In addition, the disturbance of interstitial fluid (ISF) drainage (i.e., due to waste product accumulation alongside the cerebral perforating arteries) and disrupted CSF-ISF exchange in glymphatic system (i.e., glympopathy) has been associated with the pathomechanism of WMHs and ePVS especially in subcortical region in asymptomatic individuals [32, 63, 64, 65, 66]. Therefore, there are wealth of previous evidence to support our findings that prevalence and proportion (i.e., number and volumes) of WMHs and ePVS associated with aging and increased cardiocerebrovascular disease risk factors (as in QRIKS3 score), and WMHs and ePVS can serve as potential biomarker of aging and cardiocerebrovascular disease risk, even among younger adults as in this study. Hence, these may assist the clinicians and health practitioners in the prevention and therapeutic strategies to reduce the burden of disability and mortality from CSVD manifestations (i.e., WMHs and ePVS) in late life.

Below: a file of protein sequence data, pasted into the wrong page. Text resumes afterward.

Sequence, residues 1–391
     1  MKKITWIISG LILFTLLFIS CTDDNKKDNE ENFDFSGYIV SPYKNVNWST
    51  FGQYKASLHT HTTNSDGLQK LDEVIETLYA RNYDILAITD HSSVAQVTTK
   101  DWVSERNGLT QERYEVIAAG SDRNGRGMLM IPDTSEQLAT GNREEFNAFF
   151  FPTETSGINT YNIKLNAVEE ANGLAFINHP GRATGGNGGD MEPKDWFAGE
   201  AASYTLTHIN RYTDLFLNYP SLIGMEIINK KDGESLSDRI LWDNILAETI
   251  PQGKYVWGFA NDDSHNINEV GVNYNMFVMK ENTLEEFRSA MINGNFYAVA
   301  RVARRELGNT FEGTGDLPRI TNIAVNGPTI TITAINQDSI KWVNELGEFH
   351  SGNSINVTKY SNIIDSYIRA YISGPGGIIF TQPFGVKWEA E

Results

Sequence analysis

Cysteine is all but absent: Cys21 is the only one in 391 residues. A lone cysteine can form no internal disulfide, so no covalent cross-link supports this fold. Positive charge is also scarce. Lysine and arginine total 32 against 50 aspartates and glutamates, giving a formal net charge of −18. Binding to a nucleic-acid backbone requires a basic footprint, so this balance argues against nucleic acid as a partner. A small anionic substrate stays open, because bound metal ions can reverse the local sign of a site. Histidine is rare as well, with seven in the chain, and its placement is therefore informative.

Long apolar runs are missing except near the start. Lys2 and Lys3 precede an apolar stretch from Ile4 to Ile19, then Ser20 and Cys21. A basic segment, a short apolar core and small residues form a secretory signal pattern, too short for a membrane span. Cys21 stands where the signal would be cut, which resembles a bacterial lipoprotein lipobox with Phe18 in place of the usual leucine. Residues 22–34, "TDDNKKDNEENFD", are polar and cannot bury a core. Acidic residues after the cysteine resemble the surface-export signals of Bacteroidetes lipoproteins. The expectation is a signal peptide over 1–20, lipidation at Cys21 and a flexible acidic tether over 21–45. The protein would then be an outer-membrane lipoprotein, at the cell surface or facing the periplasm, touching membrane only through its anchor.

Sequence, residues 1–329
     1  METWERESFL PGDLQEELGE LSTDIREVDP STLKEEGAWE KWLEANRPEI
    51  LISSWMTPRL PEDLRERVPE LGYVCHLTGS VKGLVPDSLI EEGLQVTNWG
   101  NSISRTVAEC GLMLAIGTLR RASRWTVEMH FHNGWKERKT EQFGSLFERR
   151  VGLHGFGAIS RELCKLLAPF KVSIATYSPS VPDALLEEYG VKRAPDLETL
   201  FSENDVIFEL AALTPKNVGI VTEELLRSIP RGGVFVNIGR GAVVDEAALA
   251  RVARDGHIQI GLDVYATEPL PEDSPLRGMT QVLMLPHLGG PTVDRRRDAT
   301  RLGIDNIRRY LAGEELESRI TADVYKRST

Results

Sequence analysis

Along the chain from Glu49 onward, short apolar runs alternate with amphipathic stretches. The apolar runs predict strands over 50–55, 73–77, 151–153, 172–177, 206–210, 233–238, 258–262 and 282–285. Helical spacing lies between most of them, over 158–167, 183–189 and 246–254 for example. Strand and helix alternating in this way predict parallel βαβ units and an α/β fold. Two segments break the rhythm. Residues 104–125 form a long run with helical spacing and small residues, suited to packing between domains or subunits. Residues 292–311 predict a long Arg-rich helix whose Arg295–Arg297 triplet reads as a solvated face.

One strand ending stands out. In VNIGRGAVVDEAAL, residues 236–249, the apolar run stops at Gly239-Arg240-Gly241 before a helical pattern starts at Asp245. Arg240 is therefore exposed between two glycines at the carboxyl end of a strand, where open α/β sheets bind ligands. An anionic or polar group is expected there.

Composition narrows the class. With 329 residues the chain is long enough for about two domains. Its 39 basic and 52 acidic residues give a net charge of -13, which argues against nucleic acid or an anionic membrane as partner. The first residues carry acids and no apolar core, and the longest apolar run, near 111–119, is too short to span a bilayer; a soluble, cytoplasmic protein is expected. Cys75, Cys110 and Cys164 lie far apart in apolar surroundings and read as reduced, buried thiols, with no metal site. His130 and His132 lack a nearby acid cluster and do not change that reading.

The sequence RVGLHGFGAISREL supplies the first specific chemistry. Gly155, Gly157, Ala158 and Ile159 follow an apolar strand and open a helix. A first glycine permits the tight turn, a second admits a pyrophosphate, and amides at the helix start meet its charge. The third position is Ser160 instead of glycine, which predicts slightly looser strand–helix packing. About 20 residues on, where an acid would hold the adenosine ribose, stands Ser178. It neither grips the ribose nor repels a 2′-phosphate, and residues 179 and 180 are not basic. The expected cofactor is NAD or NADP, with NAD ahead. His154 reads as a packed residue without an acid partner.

We also found that subjects with WMHs and ePVS had lower neurocognitive performance (from WAIS-IV indices) compared with individuals without WMHs and ePVS. Alarmingly, subjects with combined lesion had much lower processing speed performance. Despite no significant association between the presence and proportion of WMHs and ePVS with any of the WAIS-IV neurocognitive indices, we did find that, the presence of ePVS was associated with reduced subjects processing speed (i.e., lower WAIS-IV PSI score). Besides, reduced hippocampal volume in ePVS subjects is also associated with reduced working memory performance based on the WAIS-IV WMI scores. Additionally, we found that aging and QRISK3 was associated with reduced WAIS-IV PSI scores.